Randomness sensitivity of the model with confidence interval bars.
Material and parameter sweeps were utilized independently in order to automatically calculate the effects of the magnitude of density differences (i.e., the magnitude of the spatial variation field), as well as the effects of the floc size on the L&W bending resistance at 15°.
Discussing the Simulation Results
The resulting stress and strain fields during deformation are asymmetric, because the material properties themselves are asymmetric. As you can see below, the compressive CD strain field, on the surface of the bottom ply at the maximum deformation, is asymmetric.
Compressive CD strain on the surface of the bottom ply for one of the repeat solutions. Note the asymmetric strain pattern, which is caused by the material variation.
In order to study the effect of the magnitude of density differences in the top ply on bending resistance, material sweeps were conducted with varying levels of the spatial magnitude variation field parameter (A). The results of these sweeps, which were repeated four times with different random seeds to ensure confidence in the results, are averaged and shown below, along with the 95% confidence interval of each averaged point. The 15° bending resistance increases as the spatial variation field magnitude approaches zero (a value of zero denotes perfect formation). This result would indicate that an improvement from the worst formation simulated
The effect of the magnitude of density differences on bending resistance.
To study the effect of the floc size, material sweeps were conducted with varying levels of the spatial frequency magnitude parameter (D) for the top ply. The results of these sweeps, which were repeated four times with different random seeds to provide sufficient confidence in the results, are averaged and shown below, along with the 95% confidence interval of each averaged point. The L&W bending resistance at 15° is greater on average for small flocs as compared to large flocs, which implies that large flocs are more detrimental to the bending resistance at 15° than small flocs. This result suggests that, if a papermaker reduces their floc size from the maximum to the minimum size considered in this article, the L&W bending resistance (15°) could be improved by 3.3–4.2%.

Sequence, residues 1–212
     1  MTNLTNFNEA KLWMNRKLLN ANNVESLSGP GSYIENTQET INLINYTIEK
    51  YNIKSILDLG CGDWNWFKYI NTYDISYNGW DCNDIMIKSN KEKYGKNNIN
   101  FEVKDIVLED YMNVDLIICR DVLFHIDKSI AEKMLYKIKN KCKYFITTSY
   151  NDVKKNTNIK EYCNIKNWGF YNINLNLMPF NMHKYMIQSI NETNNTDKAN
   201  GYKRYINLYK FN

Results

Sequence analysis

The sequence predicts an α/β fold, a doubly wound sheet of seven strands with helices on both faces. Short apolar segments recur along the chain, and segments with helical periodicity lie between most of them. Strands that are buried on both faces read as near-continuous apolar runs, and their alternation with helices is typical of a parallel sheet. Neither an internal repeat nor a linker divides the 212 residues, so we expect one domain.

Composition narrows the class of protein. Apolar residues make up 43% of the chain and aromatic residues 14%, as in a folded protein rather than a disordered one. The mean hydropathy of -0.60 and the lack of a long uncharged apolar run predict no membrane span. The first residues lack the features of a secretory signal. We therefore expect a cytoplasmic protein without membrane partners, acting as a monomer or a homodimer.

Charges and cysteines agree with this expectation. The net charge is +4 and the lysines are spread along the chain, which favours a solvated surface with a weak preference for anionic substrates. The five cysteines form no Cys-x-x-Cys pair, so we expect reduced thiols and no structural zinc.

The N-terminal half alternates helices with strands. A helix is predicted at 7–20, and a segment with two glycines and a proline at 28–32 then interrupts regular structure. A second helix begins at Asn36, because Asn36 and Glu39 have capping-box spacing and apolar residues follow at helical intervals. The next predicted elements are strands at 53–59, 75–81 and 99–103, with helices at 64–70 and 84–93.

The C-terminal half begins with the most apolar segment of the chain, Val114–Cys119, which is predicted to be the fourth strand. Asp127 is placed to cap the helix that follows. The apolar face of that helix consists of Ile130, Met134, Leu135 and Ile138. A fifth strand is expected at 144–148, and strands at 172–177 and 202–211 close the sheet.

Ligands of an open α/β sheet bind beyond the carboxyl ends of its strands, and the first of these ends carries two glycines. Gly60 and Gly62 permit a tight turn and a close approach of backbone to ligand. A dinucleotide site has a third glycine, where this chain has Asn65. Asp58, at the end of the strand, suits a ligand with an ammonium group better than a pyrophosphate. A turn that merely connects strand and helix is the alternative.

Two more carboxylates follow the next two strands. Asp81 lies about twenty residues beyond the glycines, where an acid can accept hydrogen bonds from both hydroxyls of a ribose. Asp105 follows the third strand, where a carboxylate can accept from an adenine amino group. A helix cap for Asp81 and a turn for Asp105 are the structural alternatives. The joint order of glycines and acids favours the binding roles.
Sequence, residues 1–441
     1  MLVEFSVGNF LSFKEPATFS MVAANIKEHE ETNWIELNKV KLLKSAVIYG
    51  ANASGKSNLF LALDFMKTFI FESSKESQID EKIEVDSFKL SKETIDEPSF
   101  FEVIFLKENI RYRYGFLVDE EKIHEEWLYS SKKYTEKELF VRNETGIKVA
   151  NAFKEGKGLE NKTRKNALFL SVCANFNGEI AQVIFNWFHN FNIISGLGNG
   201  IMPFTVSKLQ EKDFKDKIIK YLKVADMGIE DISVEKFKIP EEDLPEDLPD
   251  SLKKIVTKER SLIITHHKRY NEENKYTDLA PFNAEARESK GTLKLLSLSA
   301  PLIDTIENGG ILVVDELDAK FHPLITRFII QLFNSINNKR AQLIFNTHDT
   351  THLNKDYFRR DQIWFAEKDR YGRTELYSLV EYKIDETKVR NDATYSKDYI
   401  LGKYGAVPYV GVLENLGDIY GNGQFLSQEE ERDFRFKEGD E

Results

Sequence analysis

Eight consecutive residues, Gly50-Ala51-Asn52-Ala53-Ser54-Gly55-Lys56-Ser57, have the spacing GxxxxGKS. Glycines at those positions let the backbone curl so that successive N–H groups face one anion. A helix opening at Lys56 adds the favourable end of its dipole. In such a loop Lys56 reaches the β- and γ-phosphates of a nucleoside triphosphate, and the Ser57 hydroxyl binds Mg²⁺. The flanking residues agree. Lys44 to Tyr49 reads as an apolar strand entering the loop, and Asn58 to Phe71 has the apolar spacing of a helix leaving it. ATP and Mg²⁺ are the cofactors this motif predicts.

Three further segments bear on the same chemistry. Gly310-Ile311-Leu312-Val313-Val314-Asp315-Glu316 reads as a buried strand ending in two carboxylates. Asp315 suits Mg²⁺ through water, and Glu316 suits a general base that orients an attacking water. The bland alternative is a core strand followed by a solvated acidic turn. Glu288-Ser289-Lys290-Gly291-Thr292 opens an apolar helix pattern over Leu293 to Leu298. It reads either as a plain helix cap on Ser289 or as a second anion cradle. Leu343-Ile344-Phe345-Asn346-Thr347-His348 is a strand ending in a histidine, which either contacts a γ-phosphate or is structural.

The effect of floc size on bending resistance.
With quantification of the possible improvements in L&W bending resistance at 15°, one can make cost–benefit analyses of potential capital investments. As an example, this could help one determine whether a new top-ply headbox would be worth the capital investment to improve bending resistance.
Lightness by Design, a COMSOL Certified Consultant, offers paper mechanics expertise along with simulation development and execution capabilities for advanced problems in paper mechanics.
Reference
- A. Hagman and M. Nygårds, “Thermographical Analysis of Paper During Tensile Testing and Comparison to Digital Image Correlation,” Experimental Mechanics, vol. 57, 325–339, 2017, doi:10.1007/s11340-016-0240-4
About the Guest Author
Eric is a consultant at Lightness by Design, a COMSOL Certified Consultant where he has a particular interest in paper-based packaging and aerospace structures. While these may seem like a random duo, the common links between these two applications are the utilization of lightweight load-bearing structures as well as fiber-based materials. Eric’s background in aerospace structural engineering includes both project experience as a consultant and formal BS education at Embry-Riddle Aeronautical University. After initial education in aerospace, Eric entered the exciting world of paper by pursuing a PhD in solid mechanics with a focus on paper mechanics at the KTH Royal Institute of Technology in Stockholm, Sweden, followed by 1.5 years in the R&D of the paper company WestRock. He has since been a consultant at Lightness by Design, where, in addition to consulting, he continues to develop FEM simulation tools (comprehensive user-defined materials and a virtual lab) that allow for advanced simulation of paper products and processes.